Mexico, Latin America’s second-largest economy, is fighting its highest inflation in 22 years.
The Bank of Mexico raised its benchmark interest rate by three-quarters of a percentage point to a record 8.5 percent on Thursday, mirroring the United States Federal Reserve’s most recent policy decision as inflation surged to an over two-decade high.
The five board members of Banxico, as the central bank is known, voted unanimously for the second 75 basis point rise in a row, saying the board would “assess the magnitude of the upward adjustments in the reference rate for its next policy decisions based on the prevailing conditions”.
Analysts said that language gave its forward guidance a slightly dovish bias, moderating the tone of its prior monetary policy statement on June 23 when it said the board intended to continue raising rates and would “evaluate taking the same forceful measures if conditions so require”.
The increase came after slowing US inflation may have opened the door for the Federal Reserve to temper the pace of its future rises, though US policymakers stressed they would continue to tighten monetary policy until price pressures were fully contained.
“We still think that Banxico will follow the Fed in the hiking cycle to preserve the historical 600 bp rate differential,” analysts at Actinver Research said in a note to clients.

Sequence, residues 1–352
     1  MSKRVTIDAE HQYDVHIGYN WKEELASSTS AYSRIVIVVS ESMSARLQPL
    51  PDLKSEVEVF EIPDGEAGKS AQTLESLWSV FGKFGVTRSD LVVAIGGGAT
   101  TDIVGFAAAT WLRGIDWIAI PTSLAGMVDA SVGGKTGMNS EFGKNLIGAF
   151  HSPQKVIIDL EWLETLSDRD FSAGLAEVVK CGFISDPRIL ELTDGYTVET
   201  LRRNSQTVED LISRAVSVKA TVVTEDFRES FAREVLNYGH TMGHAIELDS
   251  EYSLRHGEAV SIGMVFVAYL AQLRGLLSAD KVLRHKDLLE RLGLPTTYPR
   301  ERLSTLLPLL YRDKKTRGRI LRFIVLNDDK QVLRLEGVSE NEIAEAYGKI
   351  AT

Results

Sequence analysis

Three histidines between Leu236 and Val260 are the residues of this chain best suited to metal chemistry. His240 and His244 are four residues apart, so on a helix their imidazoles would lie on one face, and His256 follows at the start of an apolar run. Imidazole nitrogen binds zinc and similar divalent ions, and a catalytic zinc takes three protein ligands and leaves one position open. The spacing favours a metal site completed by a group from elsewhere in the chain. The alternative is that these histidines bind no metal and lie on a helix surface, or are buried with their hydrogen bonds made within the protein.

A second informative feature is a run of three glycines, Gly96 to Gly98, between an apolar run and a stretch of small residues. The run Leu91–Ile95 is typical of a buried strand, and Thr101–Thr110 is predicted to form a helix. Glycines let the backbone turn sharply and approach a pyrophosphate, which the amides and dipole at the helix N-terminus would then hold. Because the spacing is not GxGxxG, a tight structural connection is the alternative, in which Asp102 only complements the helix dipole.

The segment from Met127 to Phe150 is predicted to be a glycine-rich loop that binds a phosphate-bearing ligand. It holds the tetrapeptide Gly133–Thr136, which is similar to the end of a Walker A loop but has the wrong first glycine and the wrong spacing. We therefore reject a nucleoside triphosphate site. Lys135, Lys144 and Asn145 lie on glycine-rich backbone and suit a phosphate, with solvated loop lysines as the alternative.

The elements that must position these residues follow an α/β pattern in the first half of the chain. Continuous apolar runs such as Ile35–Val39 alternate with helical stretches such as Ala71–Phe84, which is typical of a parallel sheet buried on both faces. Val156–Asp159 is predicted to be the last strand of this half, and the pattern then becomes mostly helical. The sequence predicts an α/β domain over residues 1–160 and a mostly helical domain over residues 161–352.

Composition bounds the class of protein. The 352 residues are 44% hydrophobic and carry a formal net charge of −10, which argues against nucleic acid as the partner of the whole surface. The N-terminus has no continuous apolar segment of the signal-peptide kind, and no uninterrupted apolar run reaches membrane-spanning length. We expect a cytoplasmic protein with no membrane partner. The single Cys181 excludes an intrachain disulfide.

Banxico has increased rates by a total of 450 basis points over its last 10 monetary policy meetings.
Annual inflation in Latin America’s second-largest economy climbed to 8.15 percent in the year through July, its highest level in nearly 22 years.
Banxico said on Thursday that the balance of risks for the trajectory of inflation “remains biased significantly to the upside”.
The rate increase, which was in line with expectations in a Reuters news agency poll, brings the key rate to its highest level since Banxico’s current regime was put in place in 2008.
Its latest policy move comes alongside several others in the region.
Earlier in the day, Argentina’s central bank raised its key rate by 950 basis points, a mere two weeks after its last increase, amid soaring inflation, which is forecast to hit 90 percent by the end of the year.
Peru’s central bank is expected to raise rates later on Thursday by 50 basis points, after annual inflation slowed slightly but remained at a multi-year peak.